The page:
Health Tech, Hospitals

How Mass General Brigham Is Integrating Behavioral Care Into Its Primary Care Model

Mass General Brigham launched a program this month in collaboration with behavioral health medical group Concert Health. Under the program, more than 400 Mass General primary care providers can refer their patients to Concert. The health system's goal is to increase patients’ access to diagnoses and treatment for mild to moderate behavioral health issues — particularly for Medicaid patients, who are the most underserved.

Health systems are increasingly realizing the importance of integrating behavioral care into primary care. Physical and mental health are interconnected, and addressing one without the other can lead to incomplete or less effective treatment. Integration aids in the early detection of mental health concerns— which can prevent more severe issues from developing— and reduces the stigma associated with seeking mental health services by making them a routine part of overall healthcare.

Mass General Brigham understands those benefits, as evidenced by a new program it launched earlier this month. The health system teamed up with San Diego-based behavioral health medical group Concert Health, which began incorporating its services into Mass General’s primary care model on October 2.

Concert is collaborating closely with Mass General’s primary care practices to provide behavioral health services to treat common conditions like depression and anxiety. More than 400 primary care providers at Mass General now have access to Concert’s services.

“Mass General Brigham is committed to expanding access to behavioral health services for our patients and to partner with a company to increase our capacity to serve our patients, particularly our Medicaid patients who are the most underserved,” the health system said in a statement sent to MedCity News.

Under the program, Mass General primary care physicians can refer their patients to Concert, and the company’s behavioral healthcare managers and consulting psychiatrists will provide case reviews, treatment adjustments for patients when needed and recommendations to the primary care provider. Throughout this entire process, Concert also meets with patients by phone or video.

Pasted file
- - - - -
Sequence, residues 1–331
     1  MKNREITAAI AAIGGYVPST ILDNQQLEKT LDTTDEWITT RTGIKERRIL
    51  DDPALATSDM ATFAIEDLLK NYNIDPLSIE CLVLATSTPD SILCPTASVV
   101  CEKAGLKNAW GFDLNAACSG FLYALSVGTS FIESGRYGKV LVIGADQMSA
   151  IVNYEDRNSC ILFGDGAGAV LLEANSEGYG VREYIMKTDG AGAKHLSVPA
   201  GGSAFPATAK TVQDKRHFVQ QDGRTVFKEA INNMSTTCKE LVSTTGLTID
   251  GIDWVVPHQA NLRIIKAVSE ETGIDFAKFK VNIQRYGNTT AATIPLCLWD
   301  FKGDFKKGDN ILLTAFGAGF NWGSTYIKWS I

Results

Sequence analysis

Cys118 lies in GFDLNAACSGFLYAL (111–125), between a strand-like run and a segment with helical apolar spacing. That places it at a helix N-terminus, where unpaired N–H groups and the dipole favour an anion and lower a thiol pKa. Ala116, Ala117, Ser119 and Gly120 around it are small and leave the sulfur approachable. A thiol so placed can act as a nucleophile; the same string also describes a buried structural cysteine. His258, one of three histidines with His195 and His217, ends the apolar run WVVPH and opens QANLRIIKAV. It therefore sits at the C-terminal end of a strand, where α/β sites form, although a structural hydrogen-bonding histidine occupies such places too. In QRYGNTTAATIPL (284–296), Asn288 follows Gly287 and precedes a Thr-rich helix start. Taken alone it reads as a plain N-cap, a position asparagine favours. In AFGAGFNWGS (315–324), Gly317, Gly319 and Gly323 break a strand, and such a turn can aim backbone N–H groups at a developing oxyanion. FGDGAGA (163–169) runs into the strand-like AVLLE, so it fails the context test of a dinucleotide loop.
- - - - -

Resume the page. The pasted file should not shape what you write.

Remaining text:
“Our team of 200+ behavioral healthcare managers and psychiatric consultants function as an extension of the primary care team. Providers refer eligible patients to Concert’s behavioral health care team, and we follow up by phone or video within 48 hours,” said Concert CEO Spencer Hutchins.

Concert’s model makes it simple for primary care providers to meet their patients’ behavioral health needs in real-time, as well as factor these into their overall care plan over time, he noted. It also makes it easier for patients to access behavioral health care, as it eliminates barriers like long wait times and insurance coverage concerns, Hutchins added. 

Concert’s services are covered by commercial insurance as well as Medicaid and Medicare, often for the price of the primary care copay, he said.

Mass General’s goal for its new program is to increase patients’ access to diagnoses and treatment for mild to moderate behavioral health issues, particularly in its most underserved populations. The health system said it will eventually look to expand the program to additional populations, such as pediatrics and women’s health.

“We have baseline metrics for referrals and enrollment and will measure that against actual referrals and enrollment.  We’ll also be looking at engagement and outcomes as well as patient and provider satisfaction,” the health system stated.

To date, Concert has provided care for more than 70,000 patients. More than 60 medical groups and health systems are now using the company’s services, allowing it to collaborate with 4,600 primary care providers, pediatricians and OB/GYNs across 17 states. Some of the other health systems Concert has partnered with include CommonSpirit Health, Trinity Health, Mercy Health and Froedtert Health.

Hutchins believes there are two main reasons that health systems are making moves to prioritize behavioral health. 

“I think for two main reasons: First, because today’s mental health crisis is only getting worse, and health systems have realized they can have a major impact on helping large quantities of patients while reducing the burden on their providers by implementing scalable and effective care models like ours. Second, because it’s becoming increasingly easier for health systems to get reimbursed for integrated care,” he declared.

Health plans nationwide, especially state programs, are shifting their view of behavioral health services and making them a real priority in primary care by reimbursing health systems and ensuring this care is affordable for patients, Hutchins pointed out.

He said Concert’s collaboration with Mass General marks an “especially exciting time” because MassHealth (Massachusetts’ combined Medicaid and CHIP program) has made integrated behavioral health services a major criteria for success in its new value-based contract for primary care. 

Photo: Benjavisa, Getty Images